enable him to succeed in life. He mu
have special education for farming ju
as the young man or woman who Is
enter professional life has special i
struction along the lines he expects
follow. And so the consolidat
school comes in, with its better edu<
Canada has taken an advanced stal
on this question and is consolidatii
her country schools. In a word tl
farmer's children are being given tl
advantages of a high school educatic
As President Creelman, of the C
tario Agricultural College has point<
out, the system undoubtedly is, fro
a standpoint of dollars and cents, mo
expensive, for the first few years
least; but the rural ratepayer has it
decide for himself whether he wou
rather pay five dollars more per ye
and secure for his boy or girl su<
increased benefits as the consolidati
school can give or leave them in t]
hands of an inexperienced girl teach
who perhaps does her best in a litt
one-roomed school, without faciliti
of demonstration of any kind.
PRACTICAL FARM SCIENCE.
One of the most important featuri
of these schools is the school garde
where practical farm science is taug'
in a practical way. Such gardens a
not, however, confined to the co
solidated schools, bat are now beir
kept in connection with a number
the more progressive district schoc
in various parts of the country. Th4
are usually from two to three acres
area, divided into experimental ai
individual plots for each of the pupil
ranging in size from six feet squa
to six by ten or even twenty.
The general plan of laying out eat
garden involves (1) a belt of nati
trees and shrubs surrounding tl
grounds; (2) a half-acre playfield f
the boys; (3) a lawn bordered wi
shade trees for the girls; (4) a shad
walk each for boys and girls, about
hundred yards long; (5) an attracti'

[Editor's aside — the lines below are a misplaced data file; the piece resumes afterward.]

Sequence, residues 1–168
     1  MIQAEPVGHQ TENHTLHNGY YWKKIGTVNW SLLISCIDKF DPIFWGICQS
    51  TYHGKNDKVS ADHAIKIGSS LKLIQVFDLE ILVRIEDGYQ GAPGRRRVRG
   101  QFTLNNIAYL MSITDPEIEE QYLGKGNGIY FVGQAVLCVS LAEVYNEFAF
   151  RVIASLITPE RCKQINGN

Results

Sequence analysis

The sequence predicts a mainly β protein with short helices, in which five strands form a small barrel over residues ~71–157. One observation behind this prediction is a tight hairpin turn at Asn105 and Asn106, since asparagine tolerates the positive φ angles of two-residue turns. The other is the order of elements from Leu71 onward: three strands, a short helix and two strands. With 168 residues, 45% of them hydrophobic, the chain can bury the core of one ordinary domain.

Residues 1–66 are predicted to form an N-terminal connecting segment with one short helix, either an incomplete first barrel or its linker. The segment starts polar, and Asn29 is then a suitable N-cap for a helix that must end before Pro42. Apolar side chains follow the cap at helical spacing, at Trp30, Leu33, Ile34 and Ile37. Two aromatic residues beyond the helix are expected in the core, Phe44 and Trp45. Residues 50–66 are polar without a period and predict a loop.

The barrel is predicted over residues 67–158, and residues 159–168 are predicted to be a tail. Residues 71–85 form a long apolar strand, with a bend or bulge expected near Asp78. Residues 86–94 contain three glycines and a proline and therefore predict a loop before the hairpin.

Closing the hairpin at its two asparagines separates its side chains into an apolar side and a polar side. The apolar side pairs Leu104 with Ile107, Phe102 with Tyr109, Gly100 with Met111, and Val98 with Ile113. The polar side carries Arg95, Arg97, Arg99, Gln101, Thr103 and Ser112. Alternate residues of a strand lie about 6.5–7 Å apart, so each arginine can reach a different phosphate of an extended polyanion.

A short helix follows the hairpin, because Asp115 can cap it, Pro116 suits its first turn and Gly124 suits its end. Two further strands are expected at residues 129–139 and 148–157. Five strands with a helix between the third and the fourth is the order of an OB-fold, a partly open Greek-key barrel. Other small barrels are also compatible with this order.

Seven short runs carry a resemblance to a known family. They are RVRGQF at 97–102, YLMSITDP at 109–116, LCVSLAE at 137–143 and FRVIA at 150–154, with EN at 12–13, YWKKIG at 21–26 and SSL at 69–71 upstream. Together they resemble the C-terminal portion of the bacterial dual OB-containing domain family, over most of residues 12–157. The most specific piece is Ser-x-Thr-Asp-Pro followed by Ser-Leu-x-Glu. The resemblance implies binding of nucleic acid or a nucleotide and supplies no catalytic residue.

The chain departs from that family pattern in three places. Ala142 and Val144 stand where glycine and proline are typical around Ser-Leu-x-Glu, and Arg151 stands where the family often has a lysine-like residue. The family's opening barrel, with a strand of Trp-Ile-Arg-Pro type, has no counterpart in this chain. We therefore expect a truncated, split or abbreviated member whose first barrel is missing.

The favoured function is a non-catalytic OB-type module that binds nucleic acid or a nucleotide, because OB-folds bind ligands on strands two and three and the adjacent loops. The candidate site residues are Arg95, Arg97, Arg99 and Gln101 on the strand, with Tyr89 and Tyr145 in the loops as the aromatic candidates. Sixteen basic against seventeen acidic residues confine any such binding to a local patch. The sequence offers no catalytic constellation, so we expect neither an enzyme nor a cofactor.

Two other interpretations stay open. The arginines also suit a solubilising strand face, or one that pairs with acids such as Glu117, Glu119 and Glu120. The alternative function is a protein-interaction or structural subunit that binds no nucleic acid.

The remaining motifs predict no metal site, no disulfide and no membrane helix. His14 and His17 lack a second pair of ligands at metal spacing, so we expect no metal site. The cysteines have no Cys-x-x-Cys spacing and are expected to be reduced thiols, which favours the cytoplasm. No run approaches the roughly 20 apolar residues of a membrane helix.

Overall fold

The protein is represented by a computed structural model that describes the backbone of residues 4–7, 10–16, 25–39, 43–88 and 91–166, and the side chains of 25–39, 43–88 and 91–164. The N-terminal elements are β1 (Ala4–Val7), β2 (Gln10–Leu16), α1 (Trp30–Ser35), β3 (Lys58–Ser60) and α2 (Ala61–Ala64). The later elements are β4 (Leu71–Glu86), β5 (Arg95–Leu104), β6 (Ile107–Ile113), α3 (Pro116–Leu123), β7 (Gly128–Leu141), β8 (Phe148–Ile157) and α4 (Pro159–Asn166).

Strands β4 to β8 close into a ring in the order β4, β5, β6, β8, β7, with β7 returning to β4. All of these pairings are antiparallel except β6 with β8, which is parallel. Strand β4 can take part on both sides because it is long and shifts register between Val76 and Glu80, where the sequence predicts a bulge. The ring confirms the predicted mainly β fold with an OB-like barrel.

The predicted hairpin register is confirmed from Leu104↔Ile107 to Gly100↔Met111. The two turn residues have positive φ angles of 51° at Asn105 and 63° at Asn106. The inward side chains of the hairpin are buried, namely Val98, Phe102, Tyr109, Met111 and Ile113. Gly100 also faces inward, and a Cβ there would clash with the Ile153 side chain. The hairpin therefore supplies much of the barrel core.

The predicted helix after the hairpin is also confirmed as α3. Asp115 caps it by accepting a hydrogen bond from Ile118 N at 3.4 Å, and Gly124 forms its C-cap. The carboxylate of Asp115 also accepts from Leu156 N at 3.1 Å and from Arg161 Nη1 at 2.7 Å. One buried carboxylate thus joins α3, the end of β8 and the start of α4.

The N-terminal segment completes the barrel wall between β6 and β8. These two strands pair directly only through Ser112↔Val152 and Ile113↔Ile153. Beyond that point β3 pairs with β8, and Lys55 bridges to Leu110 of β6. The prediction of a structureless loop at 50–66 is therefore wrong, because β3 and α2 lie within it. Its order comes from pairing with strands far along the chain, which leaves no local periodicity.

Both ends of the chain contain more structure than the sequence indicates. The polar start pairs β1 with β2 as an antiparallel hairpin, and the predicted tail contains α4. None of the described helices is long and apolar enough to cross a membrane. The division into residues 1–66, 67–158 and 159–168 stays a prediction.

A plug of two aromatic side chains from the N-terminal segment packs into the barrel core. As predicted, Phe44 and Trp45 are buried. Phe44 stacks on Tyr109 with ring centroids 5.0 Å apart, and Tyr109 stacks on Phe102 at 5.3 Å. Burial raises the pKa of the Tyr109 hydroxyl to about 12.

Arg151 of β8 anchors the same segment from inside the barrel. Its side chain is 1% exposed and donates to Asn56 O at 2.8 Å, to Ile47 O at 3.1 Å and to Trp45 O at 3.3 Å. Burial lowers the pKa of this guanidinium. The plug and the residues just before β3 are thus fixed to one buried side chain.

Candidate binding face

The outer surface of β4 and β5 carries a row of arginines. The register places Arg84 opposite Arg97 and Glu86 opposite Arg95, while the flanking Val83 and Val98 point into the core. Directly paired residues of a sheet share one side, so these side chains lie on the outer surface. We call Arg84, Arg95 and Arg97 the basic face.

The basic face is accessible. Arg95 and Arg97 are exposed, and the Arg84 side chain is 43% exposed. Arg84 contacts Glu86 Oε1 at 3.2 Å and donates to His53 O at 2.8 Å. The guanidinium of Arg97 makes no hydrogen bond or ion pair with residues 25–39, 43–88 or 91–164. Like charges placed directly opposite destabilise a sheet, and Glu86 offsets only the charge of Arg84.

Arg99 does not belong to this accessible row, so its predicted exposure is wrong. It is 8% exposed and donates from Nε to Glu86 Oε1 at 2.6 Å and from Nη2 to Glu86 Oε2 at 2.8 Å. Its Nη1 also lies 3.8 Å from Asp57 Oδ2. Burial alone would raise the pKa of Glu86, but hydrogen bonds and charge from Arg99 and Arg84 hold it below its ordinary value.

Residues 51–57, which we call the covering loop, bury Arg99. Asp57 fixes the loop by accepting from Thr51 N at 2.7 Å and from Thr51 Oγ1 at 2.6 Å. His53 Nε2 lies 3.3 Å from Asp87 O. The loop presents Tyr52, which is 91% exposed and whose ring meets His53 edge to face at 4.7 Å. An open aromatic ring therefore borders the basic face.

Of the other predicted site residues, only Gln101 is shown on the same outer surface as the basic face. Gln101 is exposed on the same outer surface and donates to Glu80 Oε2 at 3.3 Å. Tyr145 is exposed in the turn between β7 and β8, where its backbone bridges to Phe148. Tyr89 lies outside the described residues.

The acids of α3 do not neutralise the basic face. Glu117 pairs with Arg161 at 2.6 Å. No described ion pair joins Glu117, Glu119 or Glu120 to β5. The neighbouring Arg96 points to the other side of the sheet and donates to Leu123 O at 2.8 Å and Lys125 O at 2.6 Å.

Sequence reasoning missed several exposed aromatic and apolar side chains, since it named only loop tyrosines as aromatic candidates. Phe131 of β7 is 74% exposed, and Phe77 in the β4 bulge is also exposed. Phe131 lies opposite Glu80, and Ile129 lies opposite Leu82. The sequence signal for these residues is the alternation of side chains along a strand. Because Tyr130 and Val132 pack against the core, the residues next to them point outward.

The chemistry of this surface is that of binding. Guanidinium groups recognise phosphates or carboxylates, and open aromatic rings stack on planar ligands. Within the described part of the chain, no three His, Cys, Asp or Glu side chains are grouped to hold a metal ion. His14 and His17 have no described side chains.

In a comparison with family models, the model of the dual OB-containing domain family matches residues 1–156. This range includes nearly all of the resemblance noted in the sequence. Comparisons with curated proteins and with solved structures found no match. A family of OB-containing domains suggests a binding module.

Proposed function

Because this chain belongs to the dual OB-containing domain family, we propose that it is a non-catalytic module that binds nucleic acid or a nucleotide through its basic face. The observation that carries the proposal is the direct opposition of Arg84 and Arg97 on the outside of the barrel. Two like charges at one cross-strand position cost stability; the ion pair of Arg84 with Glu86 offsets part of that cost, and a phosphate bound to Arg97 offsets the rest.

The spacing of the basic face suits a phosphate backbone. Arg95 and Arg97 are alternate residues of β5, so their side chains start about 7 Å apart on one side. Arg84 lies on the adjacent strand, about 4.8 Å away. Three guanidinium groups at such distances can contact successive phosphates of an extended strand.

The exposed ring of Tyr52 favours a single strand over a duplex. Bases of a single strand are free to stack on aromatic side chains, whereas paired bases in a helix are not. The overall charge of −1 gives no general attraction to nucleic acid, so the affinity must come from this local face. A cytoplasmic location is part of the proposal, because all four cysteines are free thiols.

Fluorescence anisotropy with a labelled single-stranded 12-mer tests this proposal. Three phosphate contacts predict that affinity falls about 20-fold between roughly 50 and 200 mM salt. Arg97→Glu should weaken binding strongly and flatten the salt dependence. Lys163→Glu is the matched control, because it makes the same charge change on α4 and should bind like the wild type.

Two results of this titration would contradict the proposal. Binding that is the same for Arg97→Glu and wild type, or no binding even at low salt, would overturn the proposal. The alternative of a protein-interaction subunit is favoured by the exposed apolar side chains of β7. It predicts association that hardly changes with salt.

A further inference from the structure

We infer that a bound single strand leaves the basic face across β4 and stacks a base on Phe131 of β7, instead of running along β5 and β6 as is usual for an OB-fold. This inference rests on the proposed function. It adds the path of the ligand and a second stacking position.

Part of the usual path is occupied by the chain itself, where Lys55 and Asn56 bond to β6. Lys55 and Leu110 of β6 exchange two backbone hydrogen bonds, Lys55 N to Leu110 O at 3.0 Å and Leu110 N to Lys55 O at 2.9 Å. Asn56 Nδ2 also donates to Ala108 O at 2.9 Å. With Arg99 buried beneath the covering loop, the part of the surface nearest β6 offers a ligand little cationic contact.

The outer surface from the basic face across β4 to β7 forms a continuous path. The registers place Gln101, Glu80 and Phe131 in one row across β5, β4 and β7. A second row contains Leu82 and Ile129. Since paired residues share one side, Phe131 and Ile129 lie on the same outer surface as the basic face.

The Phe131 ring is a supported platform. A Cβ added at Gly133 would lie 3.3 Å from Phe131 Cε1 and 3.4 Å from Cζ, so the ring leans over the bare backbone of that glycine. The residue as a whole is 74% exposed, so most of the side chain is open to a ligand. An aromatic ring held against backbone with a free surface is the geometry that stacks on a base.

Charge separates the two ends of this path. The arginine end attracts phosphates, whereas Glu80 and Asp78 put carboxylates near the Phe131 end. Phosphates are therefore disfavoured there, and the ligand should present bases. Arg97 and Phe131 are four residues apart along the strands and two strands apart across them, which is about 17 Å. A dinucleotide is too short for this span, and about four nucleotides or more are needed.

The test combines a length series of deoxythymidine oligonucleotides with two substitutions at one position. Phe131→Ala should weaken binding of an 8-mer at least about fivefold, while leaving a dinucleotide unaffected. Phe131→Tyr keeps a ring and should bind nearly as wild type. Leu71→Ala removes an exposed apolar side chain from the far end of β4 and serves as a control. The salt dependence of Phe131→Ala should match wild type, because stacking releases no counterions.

approach to the school, consistih
chiefly of a piece of open lawn, wi
shrubs and flowers on either side; (
a suitable reservation for individua
and class plots; (7) an orchard p1
or border; (8) a forest plot in wh<
the chief native trees are grown fro
PLANTS GROWN BY PUPILS.
The ordinary range of vegetable
and a selection of flowering plants a:
grown in these gardens, the pupi
themselves furnishing the necessal
work. In the large schools two hou
each week are found sufficient fl
the garden work, and one hour
the smaller, in both cases under ti
supervision of the teacher or a spec!
Instructor. The school garden serv<
a double purpose, since it not on
provides the most practical form
nature study but acts as a valuable I
centive in the general school work.
is no uncommon sight during the sul
mer season to see a public school
session out of doors, not with sla
and pencil but with hoe and shov<
The pupils thoroughly enjioy it. Th<
are allowed the proceeds of their plc
as their own property and in ad<
tion may take -home the plants 1h
over from thinning out. The cla
plots are reserved as a source of re
enue for the school and as a suppl
In some cases, for the school luncht
Former Iron Master Andrew Ce
negie has indorsed the idea of phonet
spelling-making the words sound
they read, or read as they sound
Ut Grow Hair
r Free $ 1.**
t, No Longer Any Excuse For Dandruff,
m Falling Hair or Baldness.
n- 1 -
s. Before and After Using This
to Magic Compound.
if Foso actually grows hair, stops hair falling out,
removes dandruff and quickly restores luxuriant
)n growth to shining scalps, eyebrows and eyelashes,
and quickly restores gray or faded hair to its natural
color. I don't ask you to take my word for it; let me
send you a full $z.oo package free. Write to-day.